This is interesting, as it coincides with the third mass bleaching of coral in Australia’s Great Barrier Reef in the last five years and what is thought to be the most widespread bleaching to occur there.
The primary cause of coral bleaching is rising sea temperature, which stresses the coral. Coral have symbiotic algae, called zooxanthellae, which lives in their tissues and aids with photosynthesis. When stressed or over-heated, the coral ejects this algae, which causes them to turn white, or bleached. Coral does not necessarily die after bleaching, but they are more fragile and need time to recover.
Coral bleaching events are becoming more common in all the world’s oceans. According to the Carbon Brief website, “severe coral bleaching is five times more frequent than 40 years ago,” with the percentage of effected coral rising from 8%, as recorded in the 1980s, to 31% in 2016.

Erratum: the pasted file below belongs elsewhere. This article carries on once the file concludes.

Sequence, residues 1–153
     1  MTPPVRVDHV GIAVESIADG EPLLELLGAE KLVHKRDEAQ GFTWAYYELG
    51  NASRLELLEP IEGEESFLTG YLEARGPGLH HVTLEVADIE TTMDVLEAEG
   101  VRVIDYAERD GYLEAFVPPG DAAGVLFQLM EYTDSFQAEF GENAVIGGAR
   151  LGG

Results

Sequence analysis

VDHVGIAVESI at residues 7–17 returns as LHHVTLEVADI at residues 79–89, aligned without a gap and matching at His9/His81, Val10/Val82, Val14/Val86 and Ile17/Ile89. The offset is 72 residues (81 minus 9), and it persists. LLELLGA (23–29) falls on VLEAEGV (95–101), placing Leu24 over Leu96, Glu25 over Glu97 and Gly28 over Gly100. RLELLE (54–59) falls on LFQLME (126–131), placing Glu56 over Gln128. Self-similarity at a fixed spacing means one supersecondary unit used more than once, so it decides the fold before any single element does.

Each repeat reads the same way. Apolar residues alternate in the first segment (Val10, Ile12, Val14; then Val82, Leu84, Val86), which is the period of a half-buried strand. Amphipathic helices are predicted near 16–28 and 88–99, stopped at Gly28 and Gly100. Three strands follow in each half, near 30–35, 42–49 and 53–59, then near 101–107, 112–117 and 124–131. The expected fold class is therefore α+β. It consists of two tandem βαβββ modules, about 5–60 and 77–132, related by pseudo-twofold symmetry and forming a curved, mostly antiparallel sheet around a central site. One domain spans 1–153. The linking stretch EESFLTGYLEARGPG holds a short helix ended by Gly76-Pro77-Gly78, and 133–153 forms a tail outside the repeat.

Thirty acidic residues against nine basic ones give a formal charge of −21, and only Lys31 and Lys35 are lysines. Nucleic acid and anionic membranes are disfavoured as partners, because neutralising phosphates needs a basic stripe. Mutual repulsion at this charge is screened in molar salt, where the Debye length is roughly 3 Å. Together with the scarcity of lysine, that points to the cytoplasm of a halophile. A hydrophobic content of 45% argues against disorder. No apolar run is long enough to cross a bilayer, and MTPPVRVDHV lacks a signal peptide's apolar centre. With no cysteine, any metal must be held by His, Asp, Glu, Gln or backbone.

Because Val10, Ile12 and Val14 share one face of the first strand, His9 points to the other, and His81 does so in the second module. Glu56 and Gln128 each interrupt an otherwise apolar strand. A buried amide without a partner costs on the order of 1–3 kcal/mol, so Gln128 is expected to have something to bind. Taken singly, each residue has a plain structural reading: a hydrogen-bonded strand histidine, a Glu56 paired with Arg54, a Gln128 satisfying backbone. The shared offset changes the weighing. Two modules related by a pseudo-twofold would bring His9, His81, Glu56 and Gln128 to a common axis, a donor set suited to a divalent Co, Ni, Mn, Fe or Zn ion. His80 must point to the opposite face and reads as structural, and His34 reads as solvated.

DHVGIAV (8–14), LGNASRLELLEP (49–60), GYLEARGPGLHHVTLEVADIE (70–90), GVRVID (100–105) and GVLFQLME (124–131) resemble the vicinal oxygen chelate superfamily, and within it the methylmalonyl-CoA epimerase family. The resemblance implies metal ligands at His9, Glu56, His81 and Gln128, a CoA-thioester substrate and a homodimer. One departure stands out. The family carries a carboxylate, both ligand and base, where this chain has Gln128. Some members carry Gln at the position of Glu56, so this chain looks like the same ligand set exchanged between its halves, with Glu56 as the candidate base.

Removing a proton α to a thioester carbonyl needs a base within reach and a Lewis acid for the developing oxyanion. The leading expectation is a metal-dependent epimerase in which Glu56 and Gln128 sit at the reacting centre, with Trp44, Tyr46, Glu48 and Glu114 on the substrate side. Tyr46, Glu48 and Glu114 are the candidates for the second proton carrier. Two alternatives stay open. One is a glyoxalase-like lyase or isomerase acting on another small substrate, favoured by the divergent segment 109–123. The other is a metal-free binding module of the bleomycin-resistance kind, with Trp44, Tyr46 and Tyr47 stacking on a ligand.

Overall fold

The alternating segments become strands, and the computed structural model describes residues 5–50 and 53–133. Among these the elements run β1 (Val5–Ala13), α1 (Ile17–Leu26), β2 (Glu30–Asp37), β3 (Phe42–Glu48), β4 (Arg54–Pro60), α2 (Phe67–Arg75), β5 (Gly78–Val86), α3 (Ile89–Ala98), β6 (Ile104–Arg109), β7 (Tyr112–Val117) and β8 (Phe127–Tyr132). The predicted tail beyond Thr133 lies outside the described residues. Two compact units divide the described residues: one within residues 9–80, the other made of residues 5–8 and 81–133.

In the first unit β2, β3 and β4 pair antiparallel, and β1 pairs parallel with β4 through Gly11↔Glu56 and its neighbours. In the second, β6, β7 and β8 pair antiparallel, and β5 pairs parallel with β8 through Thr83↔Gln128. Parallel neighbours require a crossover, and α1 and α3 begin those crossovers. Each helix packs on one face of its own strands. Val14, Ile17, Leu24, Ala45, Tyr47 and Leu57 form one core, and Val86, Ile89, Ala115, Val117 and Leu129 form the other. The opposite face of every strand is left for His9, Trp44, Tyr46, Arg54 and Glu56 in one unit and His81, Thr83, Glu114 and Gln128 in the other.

This large increase in coral bleaching is predominately caused by global warming, according to a study conducted by Royal Society research fellows and published in Science. The study was completed using data compiled between 1980 – 2016 on 100 reefs from 54 countries, and the increase in frequency is especially dangerous because coral needs over 6 years to recover from a bleaching event.
The increase in both frequency and severity of the bleaching is threatening coral reefs around the world, and we at BCSS work hard to do our part to spread awareness of this occurrence through observation.